I also understand that if I’m raising my son Buddhist, it’s also my responsibility to make sure he’s not isolated and that he’s aware of other religions. Dr. Dave talks about identity formation once a child is 5. Their identity will also be literal, she explains: “I am a Jew because my family is Jewish and so, therefore, my cat is Jewish.”
Lauren, a mother-to-be, was raised Catholic. She told me how isolated she felt when she went to high school and realized not everyone else was Catholic and there were indeed different belief systems in the world. She’s decided to expose her child to many religions and not raise her strictly Christian because of this.
This resonates with what I heard from Dr. Anne Klaeysen, Clergy Leader for the New York Society for Ethical Culture and a Columbia University Chaplain. “For parents who do raise their children within a denomination,” she told me, “it is important to raise children who are aware of those who practice their beliefs and values in other ways by visiting different worship spaces and learning about different religions.“
The New York Society for Ethical Culture is a humanist community, with no religious teachings — adults and children alike in the congregation make sense of the world through an ethical framework of, essentially, what is right or wrong. They make sense of death with secular memorials, and celebrate life with naming ceremonies — it’s essentially church without a god. Dr. Klaeysen challenges the idea that structured religion has a sole claim to the teaching of values. As Klaeysen says, “Ethics gets lived on the playground, in the classroom.” (There are programs across the country run by the Societies of the American Ethical Union, focusing on development of the moral reasoning process, and Klaeysen recommends the book Parenting Beyond Belief by Dale McGowan, a practical guide that helps parents who choose to raise children without religion as critical thinkers and moral agents.)
It may be a few years before our children see prayer as more than just magic.
So how should I answer my son when he asks about hats? Mannis has three points of advice:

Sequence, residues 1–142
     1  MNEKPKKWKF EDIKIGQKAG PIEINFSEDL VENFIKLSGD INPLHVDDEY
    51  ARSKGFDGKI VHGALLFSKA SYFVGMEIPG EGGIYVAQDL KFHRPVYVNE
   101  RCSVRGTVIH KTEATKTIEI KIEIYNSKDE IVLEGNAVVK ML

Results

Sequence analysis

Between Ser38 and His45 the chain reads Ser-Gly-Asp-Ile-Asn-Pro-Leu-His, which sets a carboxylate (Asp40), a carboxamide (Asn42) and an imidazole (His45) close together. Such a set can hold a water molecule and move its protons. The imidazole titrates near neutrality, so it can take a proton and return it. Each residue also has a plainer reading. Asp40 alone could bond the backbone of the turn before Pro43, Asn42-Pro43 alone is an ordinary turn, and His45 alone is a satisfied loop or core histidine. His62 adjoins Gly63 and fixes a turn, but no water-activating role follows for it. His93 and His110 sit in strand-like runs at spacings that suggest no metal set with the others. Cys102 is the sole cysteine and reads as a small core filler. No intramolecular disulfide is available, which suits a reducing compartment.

Firstly, in an unfamiliar or new situation, use words related to the experience to give children labels and grounding. For example “That is called a kippah/yarlmukah and it is something some Jewish people do to show they are in a special place close to God. Just like that special dress your friend was wearing during Diwali, the ceremony we did at grandma’s house."
Secondly, give children meaningful experiences in your own faith. For parents of toddlers, this means providing small, concrete experiences, like lighting candles, and attaching specific labels to them.
Lastly, speak to the experience, what they see, and how they otherwise experience the moment in a practical way, and when appropriate, attach feeling labels.
“Parents don’t need to ‘cover all the bases’ when they explain, but they can engage the child in what they both see or share in the moment and acknowledge things that they do not know or are uncertain about,” Mannis says. For example, “I don’t know what those words mean either, but the people all look so happy and I like how they are dancing.”
Regardless of the fact that a toddler is not capable of understanding what god is, using concrete language and labels, and giving kids memorable experiences will go a long way for communicating both religions and moral frameworks. We may have to accept that it may be a few years before our children see prayer as more than just magic, or god as more than a superhero. This can maybe help us get out of our boxes, too.
The other night, when my son saw me meditating in my room he pulled me down on the bed, held me tightly and gave me his biggest smile, “Can you meditate like this?”
Why not? I’ll give it a try.
*First names were used for some minors.
Editor's note: An earlier version of this article misidentified the author of Parenting Beyond Belief. It has been corrected.